Another fast-growing market is high-quality seed. Since 2002, Bayer BioScience has grown by a rate of 11 percent annually, and this unit continues to focus on expanding its business. To achieve this, BioScience plans intensive investment in property, plant and equipment and research activities in the coming years. “We aim to introduce numerous innovations to the market. In BioScience, for example, we are working on a variety of rice that can better withstand flooding or salinization,” Plischke reported.
Bayer MaterialScience: “From Megatrends to Business”
Bayer MaterialScience works closely with customers and external partners to develop new products and applications, as well as ultra-modern technologies and production processes – while minimizing energy consumption and making use of alternative raw material sources.
For example, the waste product and climate gas carbon dioxide (CO2) could be used as a raw material for high-tech materials in the future, thus replacing a portion of conventional fossil-based raw materials. In the “Dream Production” project, Bayer is working with RWTH Aachen University and other partners to realize the catalytic conversion of CO2 on a pilot plant scale for the first time.
Bayer is also working intensively on new materials to produce energy from renewable sources. The current product spectrum ranges from polyurethane sheathing for solar modules with integrated assembly systems to a sandwich composite of polycarbonate sheets with solar cells. What’s more, Bayer materials also help to substantially reduce energy consumption and thus the emission of the greenhouse gas carbon dioxide in applications such as automotive engineering or thermal insulation in buildings and refrigerated appliances.
Bayer is also a technological leader in the field of electroactive polymers for the consumer electronics industry. Its high-tech materials are used in the development, design and manufacture of actuators and sensing components, offering unique opportunities: they provide touchscreen panels with “awareness through touch” by creating authentic tactile feedback.
Collaborations and strategic partnerships for excellence in research
Board member Plischke underlined the central significance of excellence in research and an international alignment in research as the basis of all innovations. “We are intensifying our own international research activities with “science hubs” in San Francisco, Research Triangle Park, Beijing and Shanghai. These hubs give us an outstanding foundation for collaborations with external partners.” Added Plischke: “What’s more, we are continuously strengthening our relations with universities – in part through more than 900 close contacts to leading scientists around the world.”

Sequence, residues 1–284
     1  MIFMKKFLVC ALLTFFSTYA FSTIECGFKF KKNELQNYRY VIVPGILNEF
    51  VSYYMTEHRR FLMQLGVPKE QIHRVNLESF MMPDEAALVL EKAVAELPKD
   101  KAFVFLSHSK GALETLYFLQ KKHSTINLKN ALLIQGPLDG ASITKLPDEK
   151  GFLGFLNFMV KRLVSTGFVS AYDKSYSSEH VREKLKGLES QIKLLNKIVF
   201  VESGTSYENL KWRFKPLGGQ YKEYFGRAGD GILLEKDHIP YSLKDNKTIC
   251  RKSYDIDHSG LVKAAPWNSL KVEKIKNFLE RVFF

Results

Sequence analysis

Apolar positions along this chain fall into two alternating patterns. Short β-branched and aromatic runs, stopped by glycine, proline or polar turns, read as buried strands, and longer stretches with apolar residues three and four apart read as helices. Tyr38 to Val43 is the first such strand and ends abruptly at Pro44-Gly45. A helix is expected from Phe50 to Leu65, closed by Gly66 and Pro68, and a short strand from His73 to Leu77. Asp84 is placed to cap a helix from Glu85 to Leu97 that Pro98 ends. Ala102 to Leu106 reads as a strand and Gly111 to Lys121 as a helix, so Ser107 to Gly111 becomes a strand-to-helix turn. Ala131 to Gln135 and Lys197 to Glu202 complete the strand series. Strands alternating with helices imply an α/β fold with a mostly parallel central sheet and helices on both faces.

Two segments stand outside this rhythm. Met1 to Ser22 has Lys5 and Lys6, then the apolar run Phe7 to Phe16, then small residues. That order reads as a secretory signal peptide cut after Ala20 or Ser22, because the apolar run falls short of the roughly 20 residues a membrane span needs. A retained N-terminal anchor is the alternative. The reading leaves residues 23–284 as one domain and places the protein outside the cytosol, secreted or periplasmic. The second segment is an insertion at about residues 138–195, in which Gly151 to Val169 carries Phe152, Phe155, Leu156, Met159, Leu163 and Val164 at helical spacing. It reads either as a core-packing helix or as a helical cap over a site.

Bayer: Science For A Better Life
Bayer is a global enterprise with core competencies in the fields of health care, nutrition and high-tech materials. The company’s products and services are designed to benefit people and improve their quality of life. At the same time Bayer creates value through innovation, growth and improved earning power. The Group is committed to the principles of sustainable development and to its role as a socially and ethically responsible corporate citizen. Economy, ecology and social commitment are corporate policy objectives of equal rank. In fiscal 2009, Bayer employed 108,400 people and recorded sales of EUR 31.2 billion. Capital expenditures amounted to EUR 1.7 billion, R&D expenses to EUR 2.7 billion. For more information on Bayer, go to www.bayer.com.
Note to editors:
Also available on the Internet at www.press.bayer.com are:
- the transcript and slides of Dr. Marijn Dekkers’ address,
- the transcript and slides of Dr. Wolfgang Plischkes’ address.
Supplementary features at www.live.bayer.com:
- live webcast of the news conference,
- recording of the news conference (from approximately 3:00 p.m. CET).
TV editors can download or order up-to-date film footage about Bayer free of charge at www.bayer-tv.com.
This news release may contain forward-looking statements based on current assumptions and forecasts made by Bayer Group or subgroup management. Various known and unknown risks, uncertainties and other factors could lead to material differences between the actual future results, financial situation, development or performance of the company and the estimates given here. These factors include those discussed in Bayer’s public reports which are available on the Bayer website at www.bayer.com. The company assumes no liability whatsoever to update these forward-looking statements or to conform them to future events or developments.
Name: Christian Hartel
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Company: Bayer AG
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Company: Bayer Corporation